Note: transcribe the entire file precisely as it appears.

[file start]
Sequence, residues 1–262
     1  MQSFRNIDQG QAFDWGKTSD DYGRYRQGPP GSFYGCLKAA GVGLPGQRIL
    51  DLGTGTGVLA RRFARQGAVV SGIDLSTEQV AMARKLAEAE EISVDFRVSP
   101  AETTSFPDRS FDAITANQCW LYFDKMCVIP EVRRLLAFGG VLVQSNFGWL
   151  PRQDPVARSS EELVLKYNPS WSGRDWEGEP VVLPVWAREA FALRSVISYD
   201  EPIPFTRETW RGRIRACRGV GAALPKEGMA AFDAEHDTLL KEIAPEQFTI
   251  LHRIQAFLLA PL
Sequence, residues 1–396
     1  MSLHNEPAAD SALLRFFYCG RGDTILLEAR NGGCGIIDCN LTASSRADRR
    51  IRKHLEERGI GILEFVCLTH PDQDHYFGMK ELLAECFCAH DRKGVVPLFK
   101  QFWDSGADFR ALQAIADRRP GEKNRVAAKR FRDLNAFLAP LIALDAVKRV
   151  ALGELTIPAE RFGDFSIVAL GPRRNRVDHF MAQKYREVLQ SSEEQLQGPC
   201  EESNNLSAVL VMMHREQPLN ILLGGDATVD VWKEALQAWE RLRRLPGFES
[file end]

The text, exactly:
Sequence, residues 1–262
     1  MQSFRNIDQG QAFDWGKTSD DYGRYRQGPP GSFYGCLKAA GVGLPGQRIL
    51  DLGTGTGVLA RRFARQGAVV SGIDLSTEQV AMARKLAEAE EISVDFRVSP
   101  AETTSFPDRS FDAITANQCW LYFDKMCVIP EVRRLLAFGG VLVQSNFGWL
   151  PRQDPVARSS EELVLKYNPS WSGRDWEGEP VVLPVWAREA FALRSVISYD
   201  EPIPFTRETW RGRIRACRGV GAALPKEGMA AFDAEHDTLL KEIAPEQFTI
   251  LHRIQAFLLA PL
Sequence, residues 1–396
     1  MSLHNEPAAD SALLRFFYCG RGDTILLEAR NGGCGIIDCN LTASSRADRR
    51  IRKHLEERGI GILEFVCLTH PDQDHYFGMK ELLAECFCAH DRKGVVPLFK
   101  QFWDSGADFR ALQAIADRRP GEKNRVAAKR FRDLNAFLAP LIALDAVKRV
   151  ALGELTIPAE RFGDFSIVAL GPRRNRVDHF MAQKYREVLQ SSEEQLQGPC
   201  EESNNLSAVL VMMHREQPLN ILLGGDATVD VWKEALQAWE RLRRLPGFES